Even the worst Yelp review can now live forever


The California Supreme Court ruled by a 4-3 vote in San Francisco Monday that Yelp Inc. can’t be forced to take down a review that was found to be defamatory by a lower court.

The unfavorable review of a San Francisco lawyer, Dawn Hassell, was posted on Yelp in 2013 by a former client, Ava Bird, who briefly hired Hassell in a personal injury case.

The review was found to be defamatory by a San Francisco Superior Court judge after Hassell sued Bird and Bird failed to show up in court. Bird later alleged she wasn’t served with the lawsuit.

Hassell intentionally didn’t name San Francisco-based Yelp as a defendant in the defamation lawsuit, but the trial judge ordered both Bird and Yelp to remove two unfavorable reviews by Bird as well as a third unfavorable comment that Bird claimed she didn’t write.

Yelp later participated in the case at the appeal stage.

In Monday’s ruling, the state high court majority said Yelp was protected by the federal Communications Decency Act. The law says internet service providers and users should not be considered speakers or publishers of the content posted on their sites by others.

Chief Justice Tani Cantil-Sakauye wrote:

“Yelp is entitled to immunity under the statute.”

She said that by deliberately not naming Yelp as a defendant, Hassell and her law firm had attempted an “end run” around the law, but said they could not “accomplish indirectly what Congress has clearly forbidden them to achieve directly.”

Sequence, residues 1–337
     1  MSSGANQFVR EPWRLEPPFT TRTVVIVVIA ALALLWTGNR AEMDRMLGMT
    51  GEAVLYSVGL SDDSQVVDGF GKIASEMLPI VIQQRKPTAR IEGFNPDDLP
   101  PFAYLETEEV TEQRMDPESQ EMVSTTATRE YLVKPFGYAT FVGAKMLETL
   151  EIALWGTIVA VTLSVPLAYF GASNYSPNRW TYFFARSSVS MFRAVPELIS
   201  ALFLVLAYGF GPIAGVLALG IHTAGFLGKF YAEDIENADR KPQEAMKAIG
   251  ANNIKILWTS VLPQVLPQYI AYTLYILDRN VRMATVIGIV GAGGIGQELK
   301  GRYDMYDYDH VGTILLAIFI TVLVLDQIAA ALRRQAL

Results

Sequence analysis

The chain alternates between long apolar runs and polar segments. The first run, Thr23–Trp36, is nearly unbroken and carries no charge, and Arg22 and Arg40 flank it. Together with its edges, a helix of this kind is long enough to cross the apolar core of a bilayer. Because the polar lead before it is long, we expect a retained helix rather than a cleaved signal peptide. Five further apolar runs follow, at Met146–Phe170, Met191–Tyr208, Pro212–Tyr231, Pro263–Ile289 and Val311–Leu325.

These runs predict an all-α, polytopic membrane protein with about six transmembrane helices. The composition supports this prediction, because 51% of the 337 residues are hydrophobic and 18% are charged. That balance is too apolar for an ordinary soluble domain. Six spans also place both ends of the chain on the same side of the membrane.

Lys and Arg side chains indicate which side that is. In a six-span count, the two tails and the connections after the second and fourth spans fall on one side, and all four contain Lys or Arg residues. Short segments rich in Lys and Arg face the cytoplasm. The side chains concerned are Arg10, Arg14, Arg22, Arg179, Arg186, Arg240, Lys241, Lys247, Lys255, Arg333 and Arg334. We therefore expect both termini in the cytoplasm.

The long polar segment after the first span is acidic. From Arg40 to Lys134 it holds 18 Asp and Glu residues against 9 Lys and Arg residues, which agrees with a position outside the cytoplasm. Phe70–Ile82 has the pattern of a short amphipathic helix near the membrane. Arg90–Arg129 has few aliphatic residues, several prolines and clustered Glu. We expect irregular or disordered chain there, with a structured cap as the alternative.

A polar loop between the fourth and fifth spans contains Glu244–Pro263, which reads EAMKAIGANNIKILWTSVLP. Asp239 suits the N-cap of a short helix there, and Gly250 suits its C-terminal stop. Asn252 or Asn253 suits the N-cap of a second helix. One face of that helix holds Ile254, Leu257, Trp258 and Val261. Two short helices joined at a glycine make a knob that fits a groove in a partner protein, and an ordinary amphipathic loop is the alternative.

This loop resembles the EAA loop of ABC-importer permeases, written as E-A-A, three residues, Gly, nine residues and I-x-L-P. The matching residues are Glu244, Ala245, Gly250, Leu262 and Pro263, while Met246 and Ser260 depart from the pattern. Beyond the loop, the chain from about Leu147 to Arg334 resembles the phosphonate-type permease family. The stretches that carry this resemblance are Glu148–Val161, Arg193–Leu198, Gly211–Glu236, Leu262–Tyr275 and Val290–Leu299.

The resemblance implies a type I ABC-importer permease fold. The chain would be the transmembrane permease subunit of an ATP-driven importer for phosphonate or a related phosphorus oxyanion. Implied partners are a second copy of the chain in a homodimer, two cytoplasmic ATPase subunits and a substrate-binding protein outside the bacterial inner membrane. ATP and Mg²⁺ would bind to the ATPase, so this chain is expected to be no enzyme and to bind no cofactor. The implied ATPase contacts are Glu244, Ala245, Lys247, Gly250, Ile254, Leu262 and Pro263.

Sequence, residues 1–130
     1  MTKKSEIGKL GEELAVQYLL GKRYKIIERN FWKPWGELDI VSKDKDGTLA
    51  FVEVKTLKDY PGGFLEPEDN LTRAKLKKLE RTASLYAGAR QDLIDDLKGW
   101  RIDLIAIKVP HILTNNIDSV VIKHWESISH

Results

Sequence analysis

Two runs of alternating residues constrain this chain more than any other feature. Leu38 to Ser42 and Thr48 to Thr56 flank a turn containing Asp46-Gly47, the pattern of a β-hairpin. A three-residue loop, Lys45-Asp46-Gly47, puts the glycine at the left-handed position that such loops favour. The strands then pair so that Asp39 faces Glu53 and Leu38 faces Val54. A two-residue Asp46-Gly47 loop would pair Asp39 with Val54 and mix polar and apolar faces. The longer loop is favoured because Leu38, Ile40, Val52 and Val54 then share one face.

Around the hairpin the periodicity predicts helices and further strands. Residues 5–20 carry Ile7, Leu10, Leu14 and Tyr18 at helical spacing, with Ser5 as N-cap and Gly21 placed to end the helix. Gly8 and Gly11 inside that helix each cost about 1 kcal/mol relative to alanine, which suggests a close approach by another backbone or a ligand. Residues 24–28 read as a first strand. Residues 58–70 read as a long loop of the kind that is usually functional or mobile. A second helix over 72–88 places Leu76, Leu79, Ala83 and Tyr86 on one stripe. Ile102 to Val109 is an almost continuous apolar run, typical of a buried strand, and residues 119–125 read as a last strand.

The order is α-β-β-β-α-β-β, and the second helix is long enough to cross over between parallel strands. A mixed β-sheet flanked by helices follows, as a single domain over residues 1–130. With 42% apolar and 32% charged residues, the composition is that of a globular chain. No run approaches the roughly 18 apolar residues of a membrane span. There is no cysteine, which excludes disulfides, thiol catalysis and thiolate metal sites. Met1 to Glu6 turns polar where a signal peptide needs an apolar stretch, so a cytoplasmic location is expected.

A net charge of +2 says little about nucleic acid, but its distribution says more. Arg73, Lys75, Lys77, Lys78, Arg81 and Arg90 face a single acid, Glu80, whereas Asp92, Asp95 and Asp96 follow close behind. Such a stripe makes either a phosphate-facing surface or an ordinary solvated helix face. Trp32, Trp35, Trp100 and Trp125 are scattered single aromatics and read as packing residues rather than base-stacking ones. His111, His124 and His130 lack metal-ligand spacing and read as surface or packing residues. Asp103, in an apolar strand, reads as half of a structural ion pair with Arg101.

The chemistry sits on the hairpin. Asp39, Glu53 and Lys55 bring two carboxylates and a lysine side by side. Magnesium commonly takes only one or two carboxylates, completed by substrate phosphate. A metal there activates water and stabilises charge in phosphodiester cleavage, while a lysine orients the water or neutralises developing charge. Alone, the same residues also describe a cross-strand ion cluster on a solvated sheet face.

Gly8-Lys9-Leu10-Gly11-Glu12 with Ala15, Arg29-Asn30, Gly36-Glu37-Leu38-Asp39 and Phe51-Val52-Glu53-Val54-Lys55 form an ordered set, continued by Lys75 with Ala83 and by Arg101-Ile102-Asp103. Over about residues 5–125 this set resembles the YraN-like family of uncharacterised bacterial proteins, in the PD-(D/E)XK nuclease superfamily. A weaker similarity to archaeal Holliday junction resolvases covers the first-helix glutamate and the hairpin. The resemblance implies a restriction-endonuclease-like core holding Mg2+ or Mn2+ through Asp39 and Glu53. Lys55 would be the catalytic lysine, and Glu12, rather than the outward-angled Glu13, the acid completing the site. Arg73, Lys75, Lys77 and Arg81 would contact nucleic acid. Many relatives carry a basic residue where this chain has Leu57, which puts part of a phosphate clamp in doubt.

Two other justices joined Cantil-Sakauye in her opinion. In a concurrence, Justice Leondra Kruger said she agreed Yelp was protected by the federal law, but said that on an even more fundamental level, Yelp was denied constitutional due process by not having a chance to participate at the trial court level.

The ruling also drew two different dissents. In one dissent, Justice Goodwin Liu said the trial court ruling should be upheld because it didn’t impose any financial liability on Yelp, but merely ordered the online review company to remove posts that were found by the lower court to be defamatory.

In the second dissent, Justice Mariano-Florentino Cuellar and a colleague said Yelp could be subject to an order to remove the posts, but only if it was found to have aided, abetted or colluded with Bird. Cuellar said the case should be sent back to the trial court to decide that issue.

Yelp Deputy General Counsel Aaron Schur said in a blog post:

“With this decision, online publishers in California can be assured that they cannot be lawfully forced to remove third-party speech through enterprising abuses of the legal system, and those of us that use such platforms to express ourselves cannot be easily silenced through such tactics either.”

The court majority noted that Hassell can still try to enforce the removal order against Bird and can seek to have her found in civil contempt of court if she refuses to take down the review.

A lawyer for Hassell could not be reached for comment.

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